Given the amount of information available, it is surprising that there is so much misunderstanding about the GDPR (General Data Protection Regulation), which will come into force in May 2018.
In part this is down to sensational reporting of the more lurid parts of the regulation; the greatly increased fines available to the Information Commissioner’s Office (ICO), the increased reporting requirements placed on companies, the changes to lawful authority for data processing. There is a lot to digest in the GDPR, and that for some organisations it will mean substantial changes to the way data is handled, processed and protected to ensure GDPR compliance.
Let us walk you through some of the some of the more persistent GDPR myths and see if we cannot replace them with more useful GDPR facts…
The GDPR is a brick wall that all companies will run up against in May 2018
The ICO have been offering advice with regards to the GDPR for two years, and the regulation builds upon the existing Data Protection Act (DPA). The arrival of the GDPR should therefore not be a surprise. Moreover although the regulation comes into effect in May this year, GDPR compliance will be an evolving journey for nearly all companies affected by it. While it is true that organisations should be preparing for the GDPR now, full compliance will almost certainly only be achieved after May. There are new provisions and new considerations which for some will require considerable work to comply with. The ICO has repeatedly made it clear that their aim is to assist organisations to comply and have persistently downplayed their punitive powers.
Under the GDPR all data breaches must be reported to the ICO
This simply isn’t true. What is true is that any data breach that is likely to result in a risk to people’s rights and freedoms must be reported to the ICO. If on the other hand a data breach is detected which does not pose a threat to people’s rights and freedoms, there is no obligation to report it.
Key to this therefore is the ability of an organisation to monitor the security of its data and any attempts to breach that security. Tied to this is the ability to quantify and log all such attempts. This is an area where we can offer considerable assistance to companies who are unsure exactly how they can move confidently towards GDPR compliance.
If a reportable breach occurs, all information must be provided to the ICO immediately
Clearly this is wrong, as it is nearly impossible to do this even with the best systems in place. It can sometimes be easy to assume that government departments live in a bubble that is completely divorced from the reality but this is not the case here. The GDPR requires that the ICO be notified of a reportable breach without undue delay and, where feasible, no later than 72 hours after the organisation becomes aware of it. The ICO does not expect to receive all information relating to a breach immediately and will not punish an organisation simply because it can take time to fully determine the extent and nature of any breach. Once again preparation to deal with a breach ahead of the fact will pay considerable dividends should it occur.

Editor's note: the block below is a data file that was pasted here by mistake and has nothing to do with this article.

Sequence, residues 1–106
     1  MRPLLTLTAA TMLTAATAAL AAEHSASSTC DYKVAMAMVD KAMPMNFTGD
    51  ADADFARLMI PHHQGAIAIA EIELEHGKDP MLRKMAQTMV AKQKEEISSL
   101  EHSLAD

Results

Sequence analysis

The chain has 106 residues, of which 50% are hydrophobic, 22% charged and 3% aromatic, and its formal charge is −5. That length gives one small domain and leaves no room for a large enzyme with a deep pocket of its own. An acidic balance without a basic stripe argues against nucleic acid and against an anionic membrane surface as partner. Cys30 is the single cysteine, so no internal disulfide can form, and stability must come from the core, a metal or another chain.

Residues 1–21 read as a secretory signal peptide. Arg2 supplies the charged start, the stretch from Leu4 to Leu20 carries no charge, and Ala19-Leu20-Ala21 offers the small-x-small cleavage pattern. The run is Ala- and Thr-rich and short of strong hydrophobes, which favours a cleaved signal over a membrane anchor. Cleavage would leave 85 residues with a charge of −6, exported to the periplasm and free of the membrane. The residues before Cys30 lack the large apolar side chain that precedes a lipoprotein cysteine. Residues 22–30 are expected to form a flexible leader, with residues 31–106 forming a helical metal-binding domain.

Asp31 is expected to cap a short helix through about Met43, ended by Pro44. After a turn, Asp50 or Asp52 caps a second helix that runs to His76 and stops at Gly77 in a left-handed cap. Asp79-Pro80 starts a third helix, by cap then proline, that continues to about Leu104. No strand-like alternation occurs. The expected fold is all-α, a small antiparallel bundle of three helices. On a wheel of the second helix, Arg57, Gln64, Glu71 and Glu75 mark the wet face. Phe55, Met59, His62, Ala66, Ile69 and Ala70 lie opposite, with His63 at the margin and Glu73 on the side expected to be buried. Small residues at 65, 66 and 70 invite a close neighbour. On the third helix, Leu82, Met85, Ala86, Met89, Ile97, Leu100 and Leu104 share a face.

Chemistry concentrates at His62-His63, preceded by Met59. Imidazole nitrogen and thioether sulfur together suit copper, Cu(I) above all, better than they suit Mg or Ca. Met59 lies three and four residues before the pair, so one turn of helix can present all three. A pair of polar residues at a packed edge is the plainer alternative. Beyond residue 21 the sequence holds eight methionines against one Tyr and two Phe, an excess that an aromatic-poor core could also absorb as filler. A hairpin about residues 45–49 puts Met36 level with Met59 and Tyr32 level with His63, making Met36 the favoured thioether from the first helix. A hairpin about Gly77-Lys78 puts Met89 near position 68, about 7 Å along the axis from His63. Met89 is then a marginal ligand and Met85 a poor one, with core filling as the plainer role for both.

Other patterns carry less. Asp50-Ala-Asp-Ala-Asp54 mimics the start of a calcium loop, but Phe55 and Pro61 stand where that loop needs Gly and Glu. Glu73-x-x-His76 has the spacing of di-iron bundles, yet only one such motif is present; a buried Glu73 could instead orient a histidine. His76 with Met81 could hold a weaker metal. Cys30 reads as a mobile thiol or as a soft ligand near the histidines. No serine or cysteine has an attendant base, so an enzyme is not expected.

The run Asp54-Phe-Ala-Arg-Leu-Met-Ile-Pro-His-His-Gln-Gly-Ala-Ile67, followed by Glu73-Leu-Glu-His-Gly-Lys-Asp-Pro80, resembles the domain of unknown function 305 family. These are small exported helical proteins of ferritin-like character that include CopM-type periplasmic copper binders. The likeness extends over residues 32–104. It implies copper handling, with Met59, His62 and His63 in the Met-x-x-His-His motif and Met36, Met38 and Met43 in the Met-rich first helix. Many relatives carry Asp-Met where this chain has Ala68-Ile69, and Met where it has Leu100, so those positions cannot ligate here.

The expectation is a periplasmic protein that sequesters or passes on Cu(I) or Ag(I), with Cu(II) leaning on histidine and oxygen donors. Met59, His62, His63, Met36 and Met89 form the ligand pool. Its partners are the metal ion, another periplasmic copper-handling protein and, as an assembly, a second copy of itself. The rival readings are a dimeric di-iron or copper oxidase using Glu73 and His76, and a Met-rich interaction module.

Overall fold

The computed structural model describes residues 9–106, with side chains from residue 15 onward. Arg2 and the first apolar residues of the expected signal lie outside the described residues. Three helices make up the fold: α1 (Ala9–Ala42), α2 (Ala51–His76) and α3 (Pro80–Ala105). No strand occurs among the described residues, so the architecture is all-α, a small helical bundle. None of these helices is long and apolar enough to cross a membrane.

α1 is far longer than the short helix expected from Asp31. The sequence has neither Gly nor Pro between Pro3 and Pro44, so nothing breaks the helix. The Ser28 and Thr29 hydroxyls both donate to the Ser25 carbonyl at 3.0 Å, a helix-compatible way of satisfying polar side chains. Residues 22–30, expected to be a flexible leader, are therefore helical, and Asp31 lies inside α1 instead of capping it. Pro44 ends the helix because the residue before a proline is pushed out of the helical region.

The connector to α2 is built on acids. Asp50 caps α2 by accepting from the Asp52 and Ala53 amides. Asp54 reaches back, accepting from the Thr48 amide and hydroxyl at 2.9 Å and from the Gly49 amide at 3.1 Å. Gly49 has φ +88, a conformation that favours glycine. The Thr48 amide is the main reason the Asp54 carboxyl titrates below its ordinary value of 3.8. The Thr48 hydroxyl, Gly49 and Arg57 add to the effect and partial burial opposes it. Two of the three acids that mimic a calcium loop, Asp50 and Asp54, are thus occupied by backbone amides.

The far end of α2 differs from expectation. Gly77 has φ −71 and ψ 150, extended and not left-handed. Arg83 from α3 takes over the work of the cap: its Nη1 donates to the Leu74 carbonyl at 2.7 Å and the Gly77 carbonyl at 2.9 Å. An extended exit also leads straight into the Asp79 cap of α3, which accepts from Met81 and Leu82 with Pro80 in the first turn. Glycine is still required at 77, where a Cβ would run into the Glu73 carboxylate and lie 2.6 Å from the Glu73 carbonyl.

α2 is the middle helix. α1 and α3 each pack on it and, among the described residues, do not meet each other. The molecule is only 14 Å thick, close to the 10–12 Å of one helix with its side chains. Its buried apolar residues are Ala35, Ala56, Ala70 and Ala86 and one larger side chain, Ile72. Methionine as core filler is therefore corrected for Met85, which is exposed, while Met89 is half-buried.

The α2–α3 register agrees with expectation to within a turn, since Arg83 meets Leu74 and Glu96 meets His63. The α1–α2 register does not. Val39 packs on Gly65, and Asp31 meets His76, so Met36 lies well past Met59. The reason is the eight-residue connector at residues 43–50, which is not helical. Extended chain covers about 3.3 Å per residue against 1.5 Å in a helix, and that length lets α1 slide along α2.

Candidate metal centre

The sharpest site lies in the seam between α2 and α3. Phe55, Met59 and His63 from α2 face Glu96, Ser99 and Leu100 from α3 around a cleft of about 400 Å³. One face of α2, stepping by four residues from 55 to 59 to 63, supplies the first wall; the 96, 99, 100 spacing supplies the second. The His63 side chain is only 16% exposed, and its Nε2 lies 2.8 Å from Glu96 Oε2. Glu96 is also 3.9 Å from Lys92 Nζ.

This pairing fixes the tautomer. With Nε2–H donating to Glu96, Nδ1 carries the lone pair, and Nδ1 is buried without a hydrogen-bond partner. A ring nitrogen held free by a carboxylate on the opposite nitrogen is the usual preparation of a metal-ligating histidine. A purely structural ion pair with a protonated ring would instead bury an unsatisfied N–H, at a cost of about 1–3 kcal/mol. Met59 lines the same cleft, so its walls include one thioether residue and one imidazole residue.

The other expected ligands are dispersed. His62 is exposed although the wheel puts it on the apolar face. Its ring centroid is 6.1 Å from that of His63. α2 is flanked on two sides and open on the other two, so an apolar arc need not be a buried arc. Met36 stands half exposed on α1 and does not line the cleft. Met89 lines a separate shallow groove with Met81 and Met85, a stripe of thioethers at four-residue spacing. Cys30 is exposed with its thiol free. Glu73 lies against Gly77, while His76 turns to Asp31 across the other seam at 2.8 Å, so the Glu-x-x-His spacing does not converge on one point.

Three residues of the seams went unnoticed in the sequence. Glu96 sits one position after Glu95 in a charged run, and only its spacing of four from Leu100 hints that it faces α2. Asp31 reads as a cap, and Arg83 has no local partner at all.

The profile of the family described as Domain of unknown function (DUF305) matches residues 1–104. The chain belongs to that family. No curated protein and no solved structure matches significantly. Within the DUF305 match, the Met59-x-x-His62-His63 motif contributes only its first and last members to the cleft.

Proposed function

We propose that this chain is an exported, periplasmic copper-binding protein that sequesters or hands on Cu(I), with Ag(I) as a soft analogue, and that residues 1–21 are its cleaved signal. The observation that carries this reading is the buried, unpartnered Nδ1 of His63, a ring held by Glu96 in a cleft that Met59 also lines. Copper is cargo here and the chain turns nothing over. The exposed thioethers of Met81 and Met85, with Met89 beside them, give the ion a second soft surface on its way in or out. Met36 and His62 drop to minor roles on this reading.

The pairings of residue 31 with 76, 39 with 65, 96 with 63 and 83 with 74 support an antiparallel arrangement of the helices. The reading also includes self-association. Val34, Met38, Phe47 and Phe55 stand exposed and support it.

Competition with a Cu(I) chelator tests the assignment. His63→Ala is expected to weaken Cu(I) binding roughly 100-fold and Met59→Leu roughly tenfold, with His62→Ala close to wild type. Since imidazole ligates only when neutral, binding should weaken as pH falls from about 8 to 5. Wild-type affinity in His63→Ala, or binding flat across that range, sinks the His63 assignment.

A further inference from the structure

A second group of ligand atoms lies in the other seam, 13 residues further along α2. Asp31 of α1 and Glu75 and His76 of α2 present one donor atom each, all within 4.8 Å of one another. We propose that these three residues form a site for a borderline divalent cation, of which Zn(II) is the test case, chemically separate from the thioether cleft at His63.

The ICO is just waiting to fine you billions as soon as something goes wrong
No, they’re not. What is true, and has been the focus of much reporting of the GDPR, is that the maximum sanctions available under the GDPR are substantially increased. Arguably this is a reflection of the importance of data to all of us and the exponential growth of the knowledge and data-based economy. The dangers of real damage to organisations and individuals has increased as more and more data is held by companies, and the sanctions reflect this reality.
While the ICO has considerable powers to enforce GDPR compliance, a company would have to act in a wilfully egregious manner to incur its full wrath. Moreover there is no reason for any organisation to find itself in that situation providing that it takes timely steps to ensure that it complies with the new requirements.
Fundamentally the GDPR has been formulated to punish companies
This is a conspiracy-level worldview that really has no basis in reality and is not one that we share. The GDPR was formulated at European level to create a common standard to which all organisations are expected to operate with regards to data security and processing. It is a matter of public policy and is not designed nor intended to punish any business sector. The GDPR is intended to protect us all, regardless of whether or not we find ourselves having to actively comply with its conditions.
Explicit consent is the only way to lawfully process data under the GDPR
The nature of consent and its importance has been clarified and re-defined under the GDPR but it is only one of the lawful bases under which an organisation can process data, and it may not be the most appropriate. Part of the essential preparation for the advent of the GDPR is correctly identifying the appropriate lawful bases under which your organisation will process data. This is important and if you are unsure about this facet of the GDPR you should talk to us in advance of May. There are several lawful bases but once chosen it can be difficult to change them should you discover subsequently that you have not chosen the most appropriate basis.
There are other myths out there, but they are variations on a theme. The GDPR is a substantial piece of regulation and it is important to many companies and organisations. We are ready now to help you identify what your organisation needs to do to comply and to provide practical solutions to achieve ongoing compliance with the regulations.